No Longer Invisible: Religion in University Education

No Longer Invisible: Religion in University Education

No Longer Invisible: Religion in University Education

No Longer Invisible: Religion in University Education

Synopsis

Drawing on conversations with hundreds of professors, co-curricular educators, administrators, and students from institutions spanning the entire spectrum of American colleges and universities, the Jacobsens illustrate how religion is constructively intertwined with the work of higher education in the twenty-first century. No Longer Invisible documents how, after decades when religion was marginalized, colleges and universities are re-engaging matters of faith-an educational development that is both positive and necessary.

Religion in contemporary American life is now incredibly complex, with religious pluralism on the rise and the categories of "religious" and "secular" often blending together in a dizzying array of lifestyles and beliefs. Using the categories of historic religion, public religion, and personal religion, No Longer Invisible offers a new framework for understanding this emerging religious terrain, a framework that can help colleges and universities-and the students who attend them-interact with religion more effectively. The stakes are high: Faced with escalating pressures to focus solely on job training, American higher education may find that paying more careful and nuanced attention to religion is a prerequisite for preserving American higher education's longstanding commitment to personal, social, and civic learning.

Excerpt

This book is about religion and undergraduate education at America’s thousands of colleges and universities. Its main argument can be stated simply: Paying attention to religion—which we define broadly to include traditional religion, spirituality in its many different forms, and life’s big questions of meaning, purpose, character, hope, and ethics, whether or not they are formulated in religious language—has the potential to enhance student learning and to improve higher education as a whole. We also think that religion is educationally unavoidable. Religion is a part of the real world that demands objective analysis and critical study, and questions and concerns related to religion (defined broadly) appear in almost every academic field of study. There was a time, not very long ago, when religion was all but invisible in the educational programming of most colleges and universities. That time is past; religion is no longer invisible. This book provides a map of how colleges and universities across the country are re-engaging religion and how they can do that more intelligently and effectively. This is not a compendium of answers, but an invitation for educators to look more closely at a facet of life that is too big and important to ignore.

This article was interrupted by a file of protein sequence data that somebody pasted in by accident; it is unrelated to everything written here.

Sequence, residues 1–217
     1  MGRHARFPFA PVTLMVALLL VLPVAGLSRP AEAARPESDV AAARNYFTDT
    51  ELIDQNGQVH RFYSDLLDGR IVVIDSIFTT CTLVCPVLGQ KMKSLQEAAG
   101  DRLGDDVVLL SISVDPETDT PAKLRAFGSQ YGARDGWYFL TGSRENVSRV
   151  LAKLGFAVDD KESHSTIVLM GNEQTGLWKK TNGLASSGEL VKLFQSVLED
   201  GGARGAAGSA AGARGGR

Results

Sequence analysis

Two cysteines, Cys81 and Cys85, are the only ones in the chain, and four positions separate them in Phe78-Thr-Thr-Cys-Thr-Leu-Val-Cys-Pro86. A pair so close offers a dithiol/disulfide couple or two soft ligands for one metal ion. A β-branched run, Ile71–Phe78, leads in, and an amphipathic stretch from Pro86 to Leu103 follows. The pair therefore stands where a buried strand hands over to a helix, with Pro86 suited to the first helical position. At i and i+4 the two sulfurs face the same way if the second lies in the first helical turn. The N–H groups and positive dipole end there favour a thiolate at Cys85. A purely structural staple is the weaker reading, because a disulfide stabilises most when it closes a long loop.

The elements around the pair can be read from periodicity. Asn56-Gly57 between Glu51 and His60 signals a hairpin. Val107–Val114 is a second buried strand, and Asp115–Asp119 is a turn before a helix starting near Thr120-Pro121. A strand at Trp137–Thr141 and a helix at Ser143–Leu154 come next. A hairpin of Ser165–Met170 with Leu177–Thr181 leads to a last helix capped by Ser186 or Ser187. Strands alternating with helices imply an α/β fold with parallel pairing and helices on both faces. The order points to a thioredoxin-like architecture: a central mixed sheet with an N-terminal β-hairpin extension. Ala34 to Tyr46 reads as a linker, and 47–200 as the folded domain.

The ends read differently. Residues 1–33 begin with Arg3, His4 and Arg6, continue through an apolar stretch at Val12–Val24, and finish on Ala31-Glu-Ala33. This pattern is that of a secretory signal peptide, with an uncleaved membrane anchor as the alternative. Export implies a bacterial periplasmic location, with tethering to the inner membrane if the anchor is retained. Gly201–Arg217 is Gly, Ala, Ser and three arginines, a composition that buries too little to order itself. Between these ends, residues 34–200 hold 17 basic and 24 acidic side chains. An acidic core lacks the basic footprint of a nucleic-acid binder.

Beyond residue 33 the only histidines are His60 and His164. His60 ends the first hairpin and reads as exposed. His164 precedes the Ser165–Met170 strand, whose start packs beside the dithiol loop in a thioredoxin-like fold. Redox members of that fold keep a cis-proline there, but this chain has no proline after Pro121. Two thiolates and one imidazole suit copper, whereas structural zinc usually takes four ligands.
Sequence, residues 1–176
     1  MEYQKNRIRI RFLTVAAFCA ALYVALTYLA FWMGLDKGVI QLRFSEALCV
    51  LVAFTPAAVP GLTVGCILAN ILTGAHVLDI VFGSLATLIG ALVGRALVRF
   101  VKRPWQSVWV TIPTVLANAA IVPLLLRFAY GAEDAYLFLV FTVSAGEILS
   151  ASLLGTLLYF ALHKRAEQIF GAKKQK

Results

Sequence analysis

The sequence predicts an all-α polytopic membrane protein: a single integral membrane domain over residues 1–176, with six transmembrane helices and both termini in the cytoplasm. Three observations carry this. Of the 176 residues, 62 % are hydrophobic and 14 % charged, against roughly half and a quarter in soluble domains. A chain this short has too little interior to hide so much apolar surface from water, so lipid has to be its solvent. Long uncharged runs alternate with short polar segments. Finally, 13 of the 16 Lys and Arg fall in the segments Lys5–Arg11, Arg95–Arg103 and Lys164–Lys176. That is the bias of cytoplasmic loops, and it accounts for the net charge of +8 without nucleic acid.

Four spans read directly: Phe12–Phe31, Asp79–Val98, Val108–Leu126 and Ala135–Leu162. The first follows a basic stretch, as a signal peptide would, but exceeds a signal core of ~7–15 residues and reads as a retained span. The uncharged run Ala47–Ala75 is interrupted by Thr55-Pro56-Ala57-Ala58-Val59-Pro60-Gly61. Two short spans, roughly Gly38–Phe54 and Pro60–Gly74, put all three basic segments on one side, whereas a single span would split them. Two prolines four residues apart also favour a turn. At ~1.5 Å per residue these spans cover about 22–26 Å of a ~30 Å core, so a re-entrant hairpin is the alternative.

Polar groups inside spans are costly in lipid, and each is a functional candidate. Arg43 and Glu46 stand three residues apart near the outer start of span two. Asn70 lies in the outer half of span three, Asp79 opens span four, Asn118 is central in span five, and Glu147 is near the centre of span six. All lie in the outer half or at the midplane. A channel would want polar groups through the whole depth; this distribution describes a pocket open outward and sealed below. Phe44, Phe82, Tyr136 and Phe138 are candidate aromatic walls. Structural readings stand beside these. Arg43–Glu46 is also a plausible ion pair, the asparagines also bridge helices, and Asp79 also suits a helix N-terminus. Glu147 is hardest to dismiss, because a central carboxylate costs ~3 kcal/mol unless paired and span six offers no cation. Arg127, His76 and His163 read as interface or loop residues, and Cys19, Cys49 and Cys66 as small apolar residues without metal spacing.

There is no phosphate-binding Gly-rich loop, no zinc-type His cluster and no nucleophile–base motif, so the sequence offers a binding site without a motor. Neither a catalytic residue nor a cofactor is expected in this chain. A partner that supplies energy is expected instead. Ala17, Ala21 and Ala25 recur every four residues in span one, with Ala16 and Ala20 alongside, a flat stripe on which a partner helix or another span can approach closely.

The two of us have been thinking and talking about religion in higher education for a long time. One of us studied psychology as an undergraduate and later went on for a doctorate in the social foundations of education from Temple University; the other earned an undergraduate degree in philosophy and then completed a doctorate in religious studies at the University of Chicago. Our first real disagreement—which took place long ago on a train from Belfast to Dublin in Ireland—was about which field of study, psychology or philosophy, had contributed more to the advancement of human understanding. We have now been married for thirty-five years, and we have been debating—and learning from each other—about matters of psychology, philosophy, religion, and education the entire time. We wrote our first joint essay on the topic of religion in higher education about twenty years ago, and ever since then we have been asking if and how religion can play a constructive role in advancing the work of higher education.

Search by... Author
Show... All Results Primary Sources Peer-reviewed

Oops!

An unknown error has occurred. Please click the button below to reload the page. If the problem persists, please try again in a little while.